On the Beat | By Wong Chun Wai

The silly season is upon us again

IT'S that silly season of the year again. Each time Parliament is in session, we can be guaranteed that at least two or three Yang Berhormats will either infuriate us or make us laugh with their remarks and antics. 

The current Dewan Rakyat session, which started last week, will only
end on July 18, but it has the makings of a circus already. We are not
sure if it's the act of calling each other animals or the politicians
themselves who quite fit the description. 

But one thing is for sure, the Dewan Rakyat must be one of the rudest
legislative chambers in the world. After all, Kuala Lumpur has been
ranked as the third rudest city in the world by a magazine. So if there
is such a ranking, we can be sure our legislators will not let us down,
in the true tradition of Malaysia Boleh

Fortunately, apart from the verbal jousting, our YBs have not resorted
to physical drama like punching, kicking and hair pulling, which the
Taiwanese lawmakers seem to be quite proud of. 

After all, we do believe in kesopanan dan kesusilaan
(mutual respect and good social behaviour), which our politicians like
to preach about, since they learned this Rukunegara principle from a
young age. The rest is fair game. It is a jantan (manly) thing to do, one may say. 

Last week, the bad boy of the Dewan Rakyat, Datuk Bung Moktar Radin
(Kinabatangan-BN) was in the news again. He is the kind of politician
whose behaviour has become fairly predictable. Malaysians and the press
can expect him to display political cockiness and unparliamentary
language when putting down his opponents. 

But does he care? I don't think so. He has his name in the news and I am sure that is all that matters to him. 

Coming from Kinabatangan, where the media has shown little interest,
except when trees are illegally chopped down or when dead freshwater
dolphins are found, he is a virtual unknown the whole year round. 

So, when Mr MP comes to town, he has to make sure his name is mentioned
and noticed by his political bosses. The rest of us, the people and the
media, are really not his concern. 

The House turned into a verbal war zone on Wednesday when a shouting
match erupted between BN and Opposition MPs over a factual error in a
question answered by Deputy Internal Minister Datuk Mohd Johari

In the free-for-all that ensued, MPs traded insults, comparing each other with animals and even questioning their sanity. 

The MP for Jelutong, Karpal Singh, who can also be depended upon for
parliamentary humour, accused Bung Moktar of creating division in the
House, saying "dia otak tak centre (the MP is insane)." 

As the row continued, Bung Moktar responded: "You should keep quiet.
It's a lucky thing that you are in wheelchair. You almost died once (in
an accident last year)."  

Not to be outdone, Karpal Singh asked "to shoo the animal out of the House. You are nothing more than a big fool from Sabah." 

Since proceedings are now videotaped, we are able to watch as the MPs
slugged and bullied each other, like what schoolboys do these days. The
tactic seems to be that if one loses in a debate, the best approach
would be to intimidate or to disrupt the proceedings. It also works for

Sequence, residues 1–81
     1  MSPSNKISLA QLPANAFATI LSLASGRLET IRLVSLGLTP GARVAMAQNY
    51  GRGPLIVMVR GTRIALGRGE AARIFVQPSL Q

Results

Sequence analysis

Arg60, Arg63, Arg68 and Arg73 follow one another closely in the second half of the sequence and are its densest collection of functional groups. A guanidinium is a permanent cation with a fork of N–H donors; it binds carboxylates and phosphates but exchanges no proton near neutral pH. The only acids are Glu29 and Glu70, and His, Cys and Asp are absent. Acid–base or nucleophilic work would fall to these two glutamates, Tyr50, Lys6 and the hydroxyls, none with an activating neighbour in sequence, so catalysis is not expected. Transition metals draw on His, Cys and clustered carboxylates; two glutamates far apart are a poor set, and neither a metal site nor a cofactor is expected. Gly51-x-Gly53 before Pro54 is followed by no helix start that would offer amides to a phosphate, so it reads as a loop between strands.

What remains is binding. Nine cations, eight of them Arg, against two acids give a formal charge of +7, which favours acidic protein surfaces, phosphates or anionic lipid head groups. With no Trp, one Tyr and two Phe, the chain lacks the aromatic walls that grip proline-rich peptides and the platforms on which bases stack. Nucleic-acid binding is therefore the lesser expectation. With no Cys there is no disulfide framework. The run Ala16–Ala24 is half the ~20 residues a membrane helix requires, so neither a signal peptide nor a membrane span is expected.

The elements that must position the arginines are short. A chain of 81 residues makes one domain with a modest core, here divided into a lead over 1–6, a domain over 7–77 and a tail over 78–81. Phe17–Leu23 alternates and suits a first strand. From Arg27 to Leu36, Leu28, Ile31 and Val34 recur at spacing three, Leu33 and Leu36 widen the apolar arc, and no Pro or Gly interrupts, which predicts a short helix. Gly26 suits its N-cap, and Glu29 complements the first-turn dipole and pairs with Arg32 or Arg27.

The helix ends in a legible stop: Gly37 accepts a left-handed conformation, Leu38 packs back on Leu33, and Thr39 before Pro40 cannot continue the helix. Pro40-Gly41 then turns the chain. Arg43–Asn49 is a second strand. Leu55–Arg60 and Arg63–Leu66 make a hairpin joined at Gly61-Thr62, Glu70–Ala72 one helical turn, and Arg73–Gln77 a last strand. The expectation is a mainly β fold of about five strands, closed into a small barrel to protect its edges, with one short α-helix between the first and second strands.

MPs who have not prepared their speeches well. 

The hardworking MPs, who have spent hours on research, unfortunately
find themselves "hijacked" by these rude MPs the next day. The press,
after all, also look for such fights in Parliament. 

But not to be outdone, the Close-One-Eye Jasin MP Datuk Mohd Said Yusuf
accused certain top Customs officials of selling confiscated luxury
cars cheaply to their "friends" in the palaces and other government

He further claimed that the officials had abused their power by selling
the cars meant for open auction to their royalty friends in return for

But until now, he has not produced a shred of evidence to back up his
claims. In fact, after whacking Customs, knowing he would be fully
protected by parliamentary privilege, he has astonishingly said he
would not lodge any police report. 

No one is suggesting that the Customs officers are angels, when many
enforcement agencies are perceived to be corrupt by Malaysians, but as
a lawmaker, isn't it his duty to submit evidence of wrongdoings to the

He should know better. By withholding such information, he risks being accused of wanting to get back at Customs. 

Really, what kind of examples are our MPs setting? To curse a fellow MP
or, for that matter, anybody who has been injured, must have baffled
any decent and fair-minded Malaysian.  

By now, Malaysians are used to the racist and sexist remarks of certain
MPs but they never fail to amaze us with more of their outbursts. 

What is terribly missing from Parliament is quality debates with witty
repartee. They should perhaps read up the Hansards from our early years
and learn how the Tunku and his contemporaries from both sides of the
political divide debated.We wish there would be more MPs like Datuk
Shahrir Samad (BN-Johor Baru), Datuk Zaid Ibrahim (BN-Kota Baru), Dr
Wee Ka Siong (BN-Air Hitam) and Loh Seng Kok (BN-Kelana Jaya) who have
displayed much intelligence, even courage, in their delivery. 

For the opposition figures, Datuk Kamaruddin Jaafar (PAS-Tumpat) has
managed to project an image of moderation, which is so lacking in the
Islamist party. 

The DAP women MPs have also made a name for themselves but they need to
refrain from joining in the jeering and name-calling, which take away
the shine from them. 

There are plenty of reasons to telecast the Dewan Rakyat sessions on
television. Malaysians would then know whether they have elected a
hard-working MP or a clown to represent them.